Wave and Time Period
First Wave—19th and early 20th century
Basic legal rights such as property ownership
Second Wave—1960s to 1980s
Range of issues particularly violence against women, reproductive health, equal rights amendment and equity legislation
Established various women-centered organizations such as feminist health centers, sexual assault centers, domestic violence shelters, women’s bookstores, women’s credit unions, and women’s art spaces
Third Wave—1990s to 2010
Individual self expression
Promotion of diversity
Fourth Wave—2013 to present
Violence against women, especially sexual harassment through the #MeToo movement
Strategic use of social media as tool of feminist education, outreach and organizing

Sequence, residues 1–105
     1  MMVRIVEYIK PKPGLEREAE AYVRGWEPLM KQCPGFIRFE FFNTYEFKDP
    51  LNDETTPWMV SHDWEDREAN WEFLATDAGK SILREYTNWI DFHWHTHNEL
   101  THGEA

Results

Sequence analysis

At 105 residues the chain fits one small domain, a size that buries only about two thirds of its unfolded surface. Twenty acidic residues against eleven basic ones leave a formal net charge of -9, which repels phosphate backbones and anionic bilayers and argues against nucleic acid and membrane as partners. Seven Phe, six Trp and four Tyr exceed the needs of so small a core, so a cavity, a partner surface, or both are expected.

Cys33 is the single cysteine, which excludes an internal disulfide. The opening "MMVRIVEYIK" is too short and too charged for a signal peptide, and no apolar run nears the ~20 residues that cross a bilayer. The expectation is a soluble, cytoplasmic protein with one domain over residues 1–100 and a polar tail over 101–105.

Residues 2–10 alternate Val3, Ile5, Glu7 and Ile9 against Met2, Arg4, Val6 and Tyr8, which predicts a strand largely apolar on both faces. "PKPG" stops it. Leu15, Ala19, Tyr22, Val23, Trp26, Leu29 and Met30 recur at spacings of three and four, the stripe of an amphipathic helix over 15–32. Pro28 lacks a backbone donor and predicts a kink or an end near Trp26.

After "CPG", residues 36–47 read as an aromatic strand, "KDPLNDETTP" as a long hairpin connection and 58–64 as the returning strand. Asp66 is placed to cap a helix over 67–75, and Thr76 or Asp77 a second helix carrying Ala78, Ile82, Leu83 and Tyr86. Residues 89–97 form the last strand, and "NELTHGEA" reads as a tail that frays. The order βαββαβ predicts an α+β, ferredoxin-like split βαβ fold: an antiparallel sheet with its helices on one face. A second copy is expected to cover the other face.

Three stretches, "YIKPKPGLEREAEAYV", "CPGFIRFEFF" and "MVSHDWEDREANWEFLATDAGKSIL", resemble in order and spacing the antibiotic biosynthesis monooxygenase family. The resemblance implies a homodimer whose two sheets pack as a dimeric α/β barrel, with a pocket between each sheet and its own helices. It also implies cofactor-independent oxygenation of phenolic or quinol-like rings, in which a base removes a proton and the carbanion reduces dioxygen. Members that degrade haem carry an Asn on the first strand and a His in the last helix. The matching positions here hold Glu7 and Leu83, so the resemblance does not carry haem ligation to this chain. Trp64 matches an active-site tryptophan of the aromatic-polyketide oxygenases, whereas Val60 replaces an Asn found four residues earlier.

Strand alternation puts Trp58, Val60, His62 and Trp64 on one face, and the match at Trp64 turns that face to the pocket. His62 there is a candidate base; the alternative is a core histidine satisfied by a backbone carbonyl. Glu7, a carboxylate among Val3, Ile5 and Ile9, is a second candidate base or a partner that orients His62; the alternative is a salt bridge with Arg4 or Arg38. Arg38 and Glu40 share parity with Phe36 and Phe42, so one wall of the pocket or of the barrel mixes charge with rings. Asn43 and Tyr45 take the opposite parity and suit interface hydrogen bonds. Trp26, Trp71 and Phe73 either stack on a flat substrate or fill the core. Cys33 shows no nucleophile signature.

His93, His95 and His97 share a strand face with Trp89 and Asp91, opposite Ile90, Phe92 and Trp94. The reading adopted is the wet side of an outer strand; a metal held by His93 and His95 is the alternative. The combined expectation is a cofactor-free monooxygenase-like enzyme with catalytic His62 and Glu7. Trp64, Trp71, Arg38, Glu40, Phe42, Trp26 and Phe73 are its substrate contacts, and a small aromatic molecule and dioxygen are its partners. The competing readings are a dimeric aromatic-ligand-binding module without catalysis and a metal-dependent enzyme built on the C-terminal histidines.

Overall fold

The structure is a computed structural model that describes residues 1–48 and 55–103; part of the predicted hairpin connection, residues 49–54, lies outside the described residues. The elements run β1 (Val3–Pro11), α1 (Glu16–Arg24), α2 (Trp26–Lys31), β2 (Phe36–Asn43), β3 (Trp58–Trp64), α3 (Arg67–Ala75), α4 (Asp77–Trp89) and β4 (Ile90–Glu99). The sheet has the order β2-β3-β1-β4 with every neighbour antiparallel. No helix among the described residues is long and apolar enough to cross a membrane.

Table 2. Perspectives, Primary Causes of Women’s Inequality and Oppression, and Examples of Strategies from Second Wave Feminism
Primary Causes of Inequality and Oppression of Women
Strategies or Actions
Denial of access and opportunities due to sex-role stereotyping or structural barriers or both
“Let us in”—integration of women
Legal remedies to secure and extend women's rights (for example, employment and education equity legislation)
Concept of “sex caste”—women subordinated because of male supremacy and cultural patriarchy
Modeled after black power movements
Collectivist or consensus orientations to power
Politicized approach to alternative services (for example, rape crisis centers, health clinics)
Intersection of gender and class, specifically in disparities resulting from labor market and other economic structures
Social protest, with emphasis on economic issues especially for poor and low-income women (for example, welfare rights)
Partnerships with labor union efforts